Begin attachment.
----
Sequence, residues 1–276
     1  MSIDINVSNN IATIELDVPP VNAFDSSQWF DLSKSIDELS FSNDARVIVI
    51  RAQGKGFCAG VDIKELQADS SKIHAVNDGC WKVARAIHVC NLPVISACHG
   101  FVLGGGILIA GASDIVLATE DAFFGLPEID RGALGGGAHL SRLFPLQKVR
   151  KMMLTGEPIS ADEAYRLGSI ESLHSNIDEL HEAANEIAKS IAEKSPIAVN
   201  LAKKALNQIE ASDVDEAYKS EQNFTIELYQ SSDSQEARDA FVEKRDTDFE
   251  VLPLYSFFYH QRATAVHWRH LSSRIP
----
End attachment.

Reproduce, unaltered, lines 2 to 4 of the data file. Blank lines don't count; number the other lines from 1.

     1  MSIDINVSNN IATIELDVPP VNAFDSSQWF DLSKSIDELS FSNDARVIVI
    51  RAQGKGFCAG VDIKELQADS SKIHAVNDGC WKVARAIHVC NLPVISACHG
   101  FVLGGGILIA GASDIVLATE DAFFGLPEID RGALGGGAHL SRLFPLQKVR